Thank you to all who participated in the conference. It was exhilarating to be a part of the discussion and connections that took place during a packed three days of events.
We will leave this page online for a time to allow internet visitors to learn more about the event.
The National Parks have been called America’s best idea, but from their beginnings at the headwaters of the Yellowstone River, designating lands as a national park, refuge, or monument has generated controversy that continues to this day.
On April 7-9, 2016 at Colby College a national conference, Community, Culture, and Conservation: Sustaining Landscapes and Livelihoods, took place. The conference will bring together noted writers, scholars, performers, public officials, and community members to facilitate discussion, make connections, and seek solutions to economic and conservation challenges faced by communities in Maine, New England, the country, and the world.
The college’s Center for the Arts and Humanities, Goldfarb Center for Public Affairs and Civic Engagement, Environmental Studies Program, and the Colby College Museum of Art were the principal conference sponsors, with other organizations playing a supporting role.
The conference coincided with the 100th anniversary in 2016 of the Organic Act, the law that created the U.S. National Park Service, as well as the centenary of the establishment of Sieur de Monts National Monument, now Acadia National Park, the first national park in east of the Mississippi River and the first national park in Maine.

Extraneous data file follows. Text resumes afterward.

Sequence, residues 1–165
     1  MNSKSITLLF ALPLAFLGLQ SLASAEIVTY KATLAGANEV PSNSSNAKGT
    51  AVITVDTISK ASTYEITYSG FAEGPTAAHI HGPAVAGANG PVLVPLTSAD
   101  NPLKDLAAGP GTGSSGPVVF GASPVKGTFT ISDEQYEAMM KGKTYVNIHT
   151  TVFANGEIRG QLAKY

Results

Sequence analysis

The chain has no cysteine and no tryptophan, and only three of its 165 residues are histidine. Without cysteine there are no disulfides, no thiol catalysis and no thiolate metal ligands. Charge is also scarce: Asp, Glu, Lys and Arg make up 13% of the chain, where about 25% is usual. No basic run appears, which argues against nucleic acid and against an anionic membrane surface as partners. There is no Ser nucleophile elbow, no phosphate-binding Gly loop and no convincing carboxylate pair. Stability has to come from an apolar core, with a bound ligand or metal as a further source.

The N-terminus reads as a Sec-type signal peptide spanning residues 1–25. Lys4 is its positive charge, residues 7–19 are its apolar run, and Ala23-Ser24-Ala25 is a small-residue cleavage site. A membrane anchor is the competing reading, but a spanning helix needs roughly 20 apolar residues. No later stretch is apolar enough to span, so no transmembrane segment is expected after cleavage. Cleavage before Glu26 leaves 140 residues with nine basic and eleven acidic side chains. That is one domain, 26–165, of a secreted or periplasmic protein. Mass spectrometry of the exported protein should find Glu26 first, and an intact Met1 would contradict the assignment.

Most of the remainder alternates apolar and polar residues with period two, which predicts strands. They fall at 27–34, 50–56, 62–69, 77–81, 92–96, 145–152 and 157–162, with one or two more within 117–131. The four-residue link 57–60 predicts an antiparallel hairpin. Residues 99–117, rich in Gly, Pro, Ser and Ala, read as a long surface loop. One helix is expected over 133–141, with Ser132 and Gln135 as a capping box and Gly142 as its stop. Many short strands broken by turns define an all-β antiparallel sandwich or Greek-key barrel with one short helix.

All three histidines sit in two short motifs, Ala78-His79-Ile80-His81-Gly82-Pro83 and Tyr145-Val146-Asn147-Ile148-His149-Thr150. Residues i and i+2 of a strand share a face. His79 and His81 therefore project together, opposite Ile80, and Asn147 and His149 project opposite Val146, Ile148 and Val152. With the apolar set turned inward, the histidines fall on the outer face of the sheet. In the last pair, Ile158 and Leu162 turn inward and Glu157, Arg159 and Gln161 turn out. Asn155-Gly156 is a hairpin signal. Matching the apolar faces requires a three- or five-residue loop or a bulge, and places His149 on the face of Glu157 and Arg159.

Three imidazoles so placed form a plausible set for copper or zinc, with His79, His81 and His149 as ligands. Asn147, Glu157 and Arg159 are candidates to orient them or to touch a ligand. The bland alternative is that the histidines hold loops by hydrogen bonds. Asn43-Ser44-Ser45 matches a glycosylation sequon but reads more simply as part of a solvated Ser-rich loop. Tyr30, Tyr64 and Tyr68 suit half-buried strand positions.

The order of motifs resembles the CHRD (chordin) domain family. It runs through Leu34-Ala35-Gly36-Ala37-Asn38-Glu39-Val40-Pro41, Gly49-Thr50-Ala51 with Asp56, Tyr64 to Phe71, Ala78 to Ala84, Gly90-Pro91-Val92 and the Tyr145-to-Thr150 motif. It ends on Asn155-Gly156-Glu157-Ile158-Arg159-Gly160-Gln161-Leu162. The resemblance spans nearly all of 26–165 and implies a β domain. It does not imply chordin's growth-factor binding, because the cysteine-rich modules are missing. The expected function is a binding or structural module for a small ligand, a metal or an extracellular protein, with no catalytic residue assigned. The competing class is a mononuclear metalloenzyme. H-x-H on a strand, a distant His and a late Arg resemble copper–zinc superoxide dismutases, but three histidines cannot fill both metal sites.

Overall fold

Confirmed speakers included Bill McKibben, award-winning author, activist, and founder of 350.org; Terry Tempest Williams, award winning author; Peter Forbes, co-founder and director of the Center for Whole Communities; Wesley McNair, Poet Laureate of Maine; Lucas St. Clair, Board Member of the Quimby Family Foundation and Elliotsville Plantation, Inc.; Terry Anderson, Former President and Executive Director, Property and Environment Research Center and Senior Fellow, Hoover Institution, Stanford University; among many others. The Colby College Museum of Art offered a variety of programs related to the exhibition, Robert Adams: Turning Back, featuring 164 photographs that explore human impact on our forests.
This conference is the capstone of a year of events. For more information about the Community, Culture and Conservation project, visit the Why 2016? page.
To view the yearlong event schedule, visit the 2015-16 events page.
To see the conference schedule, visit the conference schedule page.
Image: Detail of Virgil Williams, View of Mt. Katahdin from the West Bank of the Penobscot River, 1870, oil on canvas, 26 1/4 x 40 in. Colby College Museum of Art. The Lunder Collection, 001.2008